A brief history
What was the problem that Satoshi Nakamoto was looking to solve?
Digital Cash (without the bank)
The 80’s & 90’s saw many attempts to create a digital version of money that could have a token, both private and untraceable, treated as a bearer instrument and not subject to the fragilities of third party issuers and verifiers. To name a few there was David Chaum’s work on Untraceable Electronic Cash, Wei Dai’s b-money, and Nick Szabo’s Bit Gold.
Many technical challenges along the road were overcome by advances in cryptography such as digital signatures and hash functions. However, one problem always stood out: how to prevent someone from using a digital coin at one shop, copying it, and spending it again? Known as the double-spend problem, this is easily sovled using a centralized authority to check someone’s balance and update it accordingly; by the time you arrive at the second retailer your card will be declined for insufficient funds. Here the bank is saying, “You can only spend your dollar once.”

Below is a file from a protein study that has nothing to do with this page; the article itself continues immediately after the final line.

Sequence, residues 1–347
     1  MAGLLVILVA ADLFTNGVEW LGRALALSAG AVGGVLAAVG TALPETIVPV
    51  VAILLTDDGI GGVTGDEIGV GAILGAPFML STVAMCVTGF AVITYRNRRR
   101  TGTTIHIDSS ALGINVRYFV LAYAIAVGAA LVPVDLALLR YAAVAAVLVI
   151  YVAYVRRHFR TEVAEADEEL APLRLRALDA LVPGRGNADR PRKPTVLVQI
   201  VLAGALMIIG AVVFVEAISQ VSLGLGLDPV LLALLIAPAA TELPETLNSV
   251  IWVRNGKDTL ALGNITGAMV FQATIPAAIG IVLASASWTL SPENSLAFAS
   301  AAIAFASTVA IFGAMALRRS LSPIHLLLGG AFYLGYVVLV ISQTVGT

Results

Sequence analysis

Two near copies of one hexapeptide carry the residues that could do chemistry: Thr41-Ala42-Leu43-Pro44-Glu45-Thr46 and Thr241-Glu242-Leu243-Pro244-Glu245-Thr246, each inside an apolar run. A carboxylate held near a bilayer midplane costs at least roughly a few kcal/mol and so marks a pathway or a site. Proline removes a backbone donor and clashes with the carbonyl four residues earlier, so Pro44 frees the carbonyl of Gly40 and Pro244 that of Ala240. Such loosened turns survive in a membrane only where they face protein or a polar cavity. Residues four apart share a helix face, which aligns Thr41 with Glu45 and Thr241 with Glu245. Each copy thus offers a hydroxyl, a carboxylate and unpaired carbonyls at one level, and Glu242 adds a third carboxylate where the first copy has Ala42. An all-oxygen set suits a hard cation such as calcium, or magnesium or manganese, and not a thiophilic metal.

The decentralized approach removes the bank entirely from the transaction and is one of the revolutionary ideas put forward by Satoshi in his whitepaper.
There are many components to this system that will be introduced. Individually it can be difficult to see the connection between them and how they contribute to a peer-to-peer monetary system. This is intended to be an overview and if you are just learning about Bitcoin don’t be disuaded if the pieces seem disjointed or don’t fall into place quickly. (Learning is hard!)
Peer-to-Peer Networks & Consensus Mechanisms
The key to the double-spend is to distribute the record of transactions to every participant in the network. In this manner every seller can verify independently that any buyer has the required unspent amount. Every new transaction is shared through the network with everyone else in a peer-to-peer (p2p) manner, rather than sending to a central server and having a gatekeeper update the accounts, this is handled at the individual level. The distributed ledger removes both the need for centralized accounting, and for trust between users. There is no reason for Alice to trust Bob because the network consensus says that Bob has the authority to spend his coins.